ROME — It was a big call for European captain Luke Donald to pick Ludvig Aberg at the expense of another, more experienced player.

For most players, becoming the first player in Ryder Cup history to make the team without playing in the major would bear a heavy burden of expectations. Especially considering how glowing the European team has been about the Swede’s game.

Though Aberg himself doesn’t seem too bothered by all the noise.

“It’s very flattering and nice to hear the things that other players say,” Aberg said during his pre-Ryder Cup press conference. “It’s flattering, but I can’t really do anything about it.”

I thought that last line was telling and impressive. Especially because of what he said next.

Acceptance mindset

A reporter asked Aberg the quality he thinks all great players have. My ears perked up, excited, thinking that maybe Aberg would start talking about some hard skills. That the best players drive the ball well, or make putts, or work hard.

But instead, Aberg focused on a different quality.

“They control their emotions very well. When you get angry, you let it out quickly. When you get sad, you let it go very quickly, too. .. It’s all about staying in the moment. I feel like if you get too stuck in the past, it’s going to affect you. If you get too stuck in the future, it’s also going to affect you. I do feel like a lot of the good players, they have a tendency to stay in the moment quite well.”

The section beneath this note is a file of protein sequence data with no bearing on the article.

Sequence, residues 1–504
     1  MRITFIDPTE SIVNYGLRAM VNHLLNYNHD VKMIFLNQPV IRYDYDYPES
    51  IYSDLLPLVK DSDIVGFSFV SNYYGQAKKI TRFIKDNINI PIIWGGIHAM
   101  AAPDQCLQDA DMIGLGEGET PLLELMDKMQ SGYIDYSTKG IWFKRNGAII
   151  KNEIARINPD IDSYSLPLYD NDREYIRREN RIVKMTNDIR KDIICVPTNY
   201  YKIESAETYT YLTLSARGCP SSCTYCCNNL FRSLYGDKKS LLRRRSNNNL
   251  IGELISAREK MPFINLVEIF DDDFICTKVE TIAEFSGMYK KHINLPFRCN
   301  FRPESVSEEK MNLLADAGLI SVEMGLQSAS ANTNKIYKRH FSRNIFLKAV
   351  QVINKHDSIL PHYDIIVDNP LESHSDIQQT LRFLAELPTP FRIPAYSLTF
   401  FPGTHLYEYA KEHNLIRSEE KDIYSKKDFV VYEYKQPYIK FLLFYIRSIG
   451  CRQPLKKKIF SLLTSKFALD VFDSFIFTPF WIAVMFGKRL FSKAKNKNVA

This struck me as pretty good advice for the rest of us. It’s not about never getting angry or disappointed about your game failing to live up to your own expectations. It’s about moving through those emotions quickly on the golf course, and not letting them linger.

For Aberg, it comes down to creating an acceptance mindset. Acknowledging that things you don’t like will happen on the golf course. Your path to better golf isn’t debating them. But, rather, accepting whatever comes your way, which in turn allows you to move on.

“Whenever I’m playing golf, I have a pretty high level of acceptance whenever I’m on the golf course. When I’m practicing, I try to be as good as I can. But when you’re on the golf course, it is what it is, whatever happened before and all you can do is try to react to it.”

Some simple advice, but a mantra that can help golfers of all levels, from the Ryder Cup down: Accept and move on.

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